Russia has given crucial military and diplomatic backing to Syrian President Bashar al-Assad’s government throughout the war, which began with a government crackdown on protesters and has killed hundreds of thousands of people.

With reporting by dpa, TASS, Interfax, and Reuters

The Syrian Uprisings – Episode 1 – How the Syrian Uprisings Began

In a brand new series of KJ Videos, we will take an analytical look at the Syrian civil war from the beginning to today. In this episode, we will take you way back in time when the Syrian uprisings all began. But before we begin, don’t forget to like and subscribe to our YouTube channel for the latest KJ Videos.

In 2011, successful uprisings – that became known as the Arab Spring – toppled Tunisia’s and Egypt’s presidents giving hope to Syrian activists who began mobilising protests.

At first it seems everything could be easily contained without the need for Gaddafi-like crackdowns.

On 17th February, however, the same day as the Benghazi protests began, things seemed more tense following an argument, between police and protestors in Damascus holding banners saying “The Syrian people will not be humiliated”

But when the interior minister visited the scene in person to assure the crowds that the police officers involved would be investigated, and when Bashar announces a range of new social welfare programmes along with the unblocking of social media platforms, it still seemed likely Syria could avoid the fate of Libya.

By March, however, things seemed to be getting more out of control as the increasingly heavy-handed and undoubtedly nervous regime proved unwilling to take more chances.

That March, peaceful protests erupted in Syria as well, after 15 boys were detained and tortured for writing graffiti in support of the Arab Spring. One of the boys, a 13-year-old, was killed after having been brutally tortured.

Dissidents in Syria’s southernmost city, Daraa, seemed poised to become the epicentre of an Urban revolt.

As the Syrian equivalent of Benghazi, Daraa’s message, soon spread to the historically restive Hama along with Homs and even parts of Damascus. A ‘day of dignity’ was held on 18th March, with an even bigger protest staged the following Friday.

As with Cairo’s Tahrir square, there were a mixture of protestors in Homs. Some were heard chanting ‘peaceful, Muslims, and Christians along with other such as ‘God, Syria freedom and nothing else.’ Other protests were calling for “the downfall of the Assad regime”

Although there were some reports of public buildings and Baath headquarters being burned down, in many cases the protests remained peaceful, with some even marching without their shirts to prove they held no concealed weapons.

Galvanised by the martyrdom of Hamza al-Khatib, a 13-year-old boy, who had been arrested and whose mutilated corpse was afterwards returned to his family, then protests gained a much harder edge.

The Syrian government responded to the protests by killing hundreds of demonstrators and imprisoning many more.
With dozens being killed every day and reportedly more than eight thousand arrested in just two months, mobile phone video footage began to go viral of soldiers haphazardly shooting protestors, including women and children.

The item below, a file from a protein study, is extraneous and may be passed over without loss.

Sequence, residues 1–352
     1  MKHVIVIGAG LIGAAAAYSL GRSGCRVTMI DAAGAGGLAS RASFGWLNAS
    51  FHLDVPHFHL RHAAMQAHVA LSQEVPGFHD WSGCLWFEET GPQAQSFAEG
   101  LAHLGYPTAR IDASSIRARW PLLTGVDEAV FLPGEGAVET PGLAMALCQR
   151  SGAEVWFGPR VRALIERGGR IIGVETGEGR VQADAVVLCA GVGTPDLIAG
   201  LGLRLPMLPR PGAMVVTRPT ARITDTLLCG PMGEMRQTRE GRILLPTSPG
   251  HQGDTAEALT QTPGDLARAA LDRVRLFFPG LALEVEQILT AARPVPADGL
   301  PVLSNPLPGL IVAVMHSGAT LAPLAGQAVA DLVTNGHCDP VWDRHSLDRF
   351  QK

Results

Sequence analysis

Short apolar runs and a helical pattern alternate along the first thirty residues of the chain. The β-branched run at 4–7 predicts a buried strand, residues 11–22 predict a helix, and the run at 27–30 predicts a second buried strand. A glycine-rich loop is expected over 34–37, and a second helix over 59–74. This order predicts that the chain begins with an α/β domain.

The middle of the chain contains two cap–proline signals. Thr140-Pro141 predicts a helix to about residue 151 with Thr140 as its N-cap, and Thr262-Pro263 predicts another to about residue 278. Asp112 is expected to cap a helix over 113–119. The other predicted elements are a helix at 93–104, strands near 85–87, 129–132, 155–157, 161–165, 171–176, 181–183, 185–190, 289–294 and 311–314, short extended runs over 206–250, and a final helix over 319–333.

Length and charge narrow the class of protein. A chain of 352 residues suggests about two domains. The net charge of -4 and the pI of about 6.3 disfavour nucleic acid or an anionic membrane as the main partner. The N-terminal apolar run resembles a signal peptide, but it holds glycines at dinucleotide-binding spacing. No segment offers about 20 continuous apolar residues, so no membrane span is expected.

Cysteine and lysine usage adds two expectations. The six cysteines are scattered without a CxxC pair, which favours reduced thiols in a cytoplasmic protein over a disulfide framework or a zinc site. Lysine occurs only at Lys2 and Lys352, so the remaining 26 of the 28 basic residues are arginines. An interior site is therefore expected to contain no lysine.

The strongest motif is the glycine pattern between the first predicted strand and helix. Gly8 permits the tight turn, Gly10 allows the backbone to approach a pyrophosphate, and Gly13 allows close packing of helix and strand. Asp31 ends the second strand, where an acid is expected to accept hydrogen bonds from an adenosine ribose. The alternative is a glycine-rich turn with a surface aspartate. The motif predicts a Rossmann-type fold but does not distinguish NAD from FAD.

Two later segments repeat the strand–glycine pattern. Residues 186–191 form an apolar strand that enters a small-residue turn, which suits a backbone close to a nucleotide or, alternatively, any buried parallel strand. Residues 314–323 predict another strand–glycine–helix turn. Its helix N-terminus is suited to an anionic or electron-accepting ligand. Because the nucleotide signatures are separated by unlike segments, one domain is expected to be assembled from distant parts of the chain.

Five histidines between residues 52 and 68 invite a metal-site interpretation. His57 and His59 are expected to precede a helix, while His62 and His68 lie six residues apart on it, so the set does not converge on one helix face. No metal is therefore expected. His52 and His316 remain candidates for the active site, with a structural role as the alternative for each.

Beyond such repression, the regime also engaged in two other strategies in an effort to keep its core constituency as loyal as possible and also to ward off any attempted external influence.

With much the same goal as Yemen’s, Ali Abdullah Saleh’s encouraging of Al-Qaeda militants to take over certain towns, Bashar began a ‘highly selective’ amnesty of prisoners. According to a report prepared for the European Parliament, these were known to include numerous prominent Jihadis such as Muhammed Al-Jowlani, Abu Khalid Al-Suri and Abu Musab al-Suri.

Adding further weight to claims that Bashar was trying to radicalise then opposition by emptying Jihadists into their ranks, there were reports that even before their release such inmates had already been moved to more comfortable prisons so that they could mingle with other political prisoners.

According to one Jihadist fighter later interviewed by the Guardian this was because the regime “wanted them to be radicalised…if this stayed as a street protest, it would have toppled the regime within months and they knew it.”

Within months of Bashar’s spring amnesty, suicide bombings begun in Damascus and Aleppo and by February 2012, the al-Jowlani formally established a Syrian Al-Qaeda franchise known as Jabhat al-Nusrah. Now more easily able to frame opposition attacks as terrorism and marginalise any remaining peaceful protestors.

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Coming Soon – The Syrian Uprisings

Today – March 15th 2018 – the Syrian civil war will enter its eighth year.

More than 465,000 Syrians have been killed in the fighting, over a million injured, and over 12 million – half the country’s pre-war population – have been displaced from their homes.

In a brand new series by KJ Vids we will have an analytical look at the Syrian Uprisings from start to date.

Watch this space.